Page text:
I have a lot of experience with different types of cakes — layer, pan-, sheet, cup-, pops — but there’s one that has remained relatively elusive: Crab.
Whether that’s because they’re not of the baked variety or because I’ve always been slightly intimidated by them, who’s to say. (Actually, probably both reasons are true.)
I worried about the prospect of messing up what can be a pricey ingredient, and, honestly, I never knew where to start. One thing I did know: I needed a simple recipe, and some advice.
So I turned to two experts. Here are the tips I found useful as a crab cake novice, which may also help more experienced hands.
“You have to have good ingredients,” says Damye Hahn, daughter of the founders of Baltimore’s Faidley Seafood, which is renowned for its crab cakes. Try to find the best crab you can. It doesn’t have to be the most expensive meat, mind you. That’s usually jumbo lump, prized for its large pieces. But using a mix of jumbo and lump, just lump or even backfin is fine, Hahn says. The most important factor is ensuring your crab is fresh and high quality. Hahn and her family, of course, recommend crab from the Chesapeake Bay (I ordered mine from Stevensville Crab Shack). Nancy Devine, Hahn’s mother and the woman behind the Faidley’s recipes, emphasizes the quality of the mayonnaise. “You don’t want it to roll off your spoon,” she says. “You want it to be thick.”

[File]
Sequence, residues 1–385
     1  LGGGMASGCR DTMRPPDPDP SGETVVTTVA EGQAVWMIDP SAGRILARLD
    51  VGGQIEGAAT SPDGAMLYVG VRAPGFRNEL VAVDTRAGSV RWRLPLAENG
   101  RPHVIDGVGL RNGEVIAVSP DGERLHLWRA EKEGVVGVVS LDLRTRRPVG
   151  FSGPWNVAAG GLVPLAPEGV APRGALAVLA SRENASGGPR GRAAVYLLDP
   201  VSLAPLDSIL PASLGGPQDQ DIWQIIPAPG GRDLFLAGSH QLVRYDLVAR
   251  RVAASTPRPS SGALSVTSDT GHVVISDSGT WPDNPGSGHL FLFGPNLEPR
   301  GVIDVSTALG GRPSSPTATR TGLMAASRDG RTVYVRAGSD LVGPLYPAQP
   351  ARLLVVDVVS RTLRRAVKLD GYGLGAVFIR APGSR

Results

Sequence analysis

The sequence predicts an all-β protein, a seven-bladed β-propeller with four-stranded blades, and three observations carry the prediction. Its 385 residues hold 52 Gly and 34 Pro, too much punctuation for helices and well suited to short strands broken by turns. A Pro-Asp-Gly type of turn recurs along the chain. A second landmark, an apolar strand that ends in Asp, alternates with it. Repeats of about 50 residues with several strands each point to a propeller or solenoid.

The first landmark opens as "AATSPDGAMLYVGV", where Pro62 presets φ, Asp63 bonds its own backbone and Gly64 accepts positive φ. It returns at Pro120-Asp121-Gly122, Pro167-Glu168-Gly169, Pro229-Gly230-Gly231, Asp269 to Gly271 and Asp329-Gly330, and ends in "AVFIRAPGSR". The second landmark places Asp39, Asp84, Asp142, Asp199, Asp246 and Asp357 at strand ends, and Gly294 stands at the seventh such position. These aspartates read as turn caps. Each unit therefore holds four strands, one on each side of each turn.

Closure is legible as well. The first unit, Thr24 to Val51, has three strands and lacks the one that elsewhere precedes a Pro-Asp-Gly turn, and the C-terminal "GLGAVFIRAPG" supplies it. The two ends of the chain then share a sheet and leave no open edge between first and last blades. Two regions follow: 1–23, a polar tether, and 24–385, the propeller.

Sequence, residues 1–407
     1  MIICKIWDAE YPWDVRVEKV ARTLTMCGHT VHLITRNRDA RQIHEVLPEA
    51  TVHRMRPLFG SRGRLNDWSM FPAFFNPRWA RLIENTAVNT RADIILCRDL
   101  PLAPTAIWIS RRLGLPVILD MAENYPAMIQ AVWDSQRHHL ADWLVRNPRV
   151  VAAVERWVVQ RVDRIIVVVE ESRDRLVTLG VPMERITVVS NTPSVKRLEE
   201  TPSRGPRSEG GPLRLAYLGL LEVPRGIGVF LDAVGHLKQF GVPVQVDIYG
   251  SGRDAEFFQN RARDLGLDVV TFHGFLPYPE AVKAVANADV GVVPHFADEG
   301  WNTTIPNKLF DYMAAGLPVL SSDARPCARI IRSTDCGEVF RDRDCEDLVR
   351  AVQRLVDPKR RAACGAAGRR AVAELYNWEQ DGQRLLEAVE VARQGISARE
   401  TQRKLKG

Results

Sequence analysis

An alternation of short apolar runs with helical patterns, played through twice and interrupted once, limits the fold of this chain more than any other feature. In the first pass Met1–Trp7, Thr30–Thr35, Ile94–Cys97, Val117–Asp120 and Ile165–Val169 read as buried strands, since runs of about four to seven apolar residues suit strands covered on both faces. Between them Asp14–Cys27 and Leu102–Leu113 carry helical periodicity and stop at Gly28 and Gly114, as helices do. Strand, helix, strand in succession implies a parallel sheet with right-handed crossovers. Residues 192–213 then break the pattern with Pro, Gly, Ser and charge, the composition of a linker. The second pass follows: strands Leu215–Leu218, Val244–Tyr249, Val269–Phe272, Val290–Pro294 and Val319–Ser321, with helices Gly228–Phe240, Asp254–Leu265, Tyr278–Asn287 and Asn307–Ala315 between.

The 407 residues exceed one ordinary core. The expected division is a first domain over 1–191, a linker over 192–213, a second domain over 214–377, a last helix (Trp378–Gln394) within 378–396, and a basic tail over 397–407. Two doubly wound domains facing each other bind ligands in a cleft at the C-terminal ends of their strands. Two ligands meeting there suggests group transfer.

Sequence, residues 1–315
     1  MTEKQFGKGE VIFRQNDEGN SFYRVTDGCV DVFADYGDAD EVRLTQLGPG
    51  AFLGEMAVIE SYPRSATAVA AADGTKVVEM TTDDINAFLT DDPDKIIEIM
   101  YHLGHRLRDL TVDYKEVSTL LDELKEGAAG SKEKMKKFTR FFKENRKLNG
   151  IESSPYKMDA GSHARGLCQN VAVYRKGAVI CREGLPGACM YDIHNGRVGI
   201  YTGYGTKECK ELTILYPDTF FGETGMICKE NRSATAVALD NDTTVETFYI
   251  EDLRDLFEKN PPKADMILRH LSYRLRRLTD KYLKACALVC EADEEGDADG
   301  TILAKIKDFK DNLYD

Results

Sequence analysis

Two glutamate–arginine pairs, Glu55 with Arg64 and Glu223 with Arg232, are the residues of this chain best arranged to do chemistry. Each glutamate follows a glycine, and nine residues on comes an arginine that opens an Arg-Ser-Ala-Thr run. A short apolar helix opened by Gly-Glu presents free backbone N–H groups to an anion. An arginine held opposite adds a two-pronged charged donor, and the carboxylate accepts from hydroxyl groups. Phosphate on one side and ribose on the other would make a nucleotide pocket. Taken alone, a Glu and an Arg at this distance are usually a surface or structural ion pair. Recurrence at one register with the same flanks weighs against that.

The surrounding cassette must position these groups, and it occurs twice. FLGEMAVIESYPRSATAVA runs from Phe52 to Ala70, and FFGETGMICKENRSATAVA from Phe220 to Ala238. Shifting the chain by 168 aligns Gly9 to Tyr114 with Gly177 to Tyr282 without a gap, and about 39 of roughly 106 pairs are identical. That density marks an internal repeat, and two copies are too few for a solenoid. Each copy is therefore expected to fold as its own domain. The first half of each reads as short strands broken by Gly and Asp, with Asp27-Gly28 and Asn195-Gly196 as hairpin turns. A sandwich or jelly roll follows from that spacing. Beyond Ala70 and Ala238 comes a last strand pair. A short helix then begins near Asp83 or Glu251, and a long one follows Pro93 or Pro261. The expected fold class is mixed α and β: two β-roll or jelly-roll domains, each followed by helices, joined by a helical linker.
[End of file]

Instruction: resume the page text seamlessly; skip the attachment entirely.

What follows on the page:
Let the crab shine. “I try to make it all about the crab,” says Harper McClure, the executive chef of Washington’s Mintwood Place, who was kind enough to share his recipe here. He wants as much crab and as little other stuff as possible. His crab cakes are bright and a little punchy, with mustard, lemon (zest and juice) and cayenne (use Old Bay if you prefer). It is flavorful, but nothing overwhelms the flavor of the crab.
Go light on the binder. McClure prefers to use panko, which I found worked well and was unobtrusive in terms of texture and flavor. Devine likes saltines. You can use the broken crackers, if you prefer. Devine’s tip is to make sure the size of the saltine pieces complements the size of the crab meat morsels — larger for jumbo lump (about the size of a dime), smaller for lump and so on.
Treat the crab right. McClure says crab is very sensitive to temperature, so try to work with a chilled bowl. It will preserve the aroma and keep the crab from getting too fishy. Mixing carefully is key. “I never stir,” Devine says. “I always use my hand.” Gently tossing or folding ensures you don’t break up the lumps of crab and minimizes the possibility of forming gluten by overworking your binder.
Be patient. Allow for at least 30 minutes and up to a day for the crab cakes to chill. This lets them set and gives the binder time to hydrate. The goal is to prevent the crab cakes from falling apart in the skillet. I inadvertently skipped this step in my first test. It was . . . not pretty. Let an attractive golden crust form on both sides of the crab cakes, which lends flavor and means they’re ready to flip and remove from the skillet. Just don’t leave them in too long. In fact, Devine prefers her crab cakes to still be slightly cool in the center (packaged crab meat is ready to eat) so it’s more like a cold salad.
Serve the crab cakes any way you like. McClure said restaurant patrons really enjoy them on top of a nice salad with Bibb lettuce. A butter brioche roll is Devine’s pick for sandwiches. Either way, you’ll still be able to appreciate the crab above all else.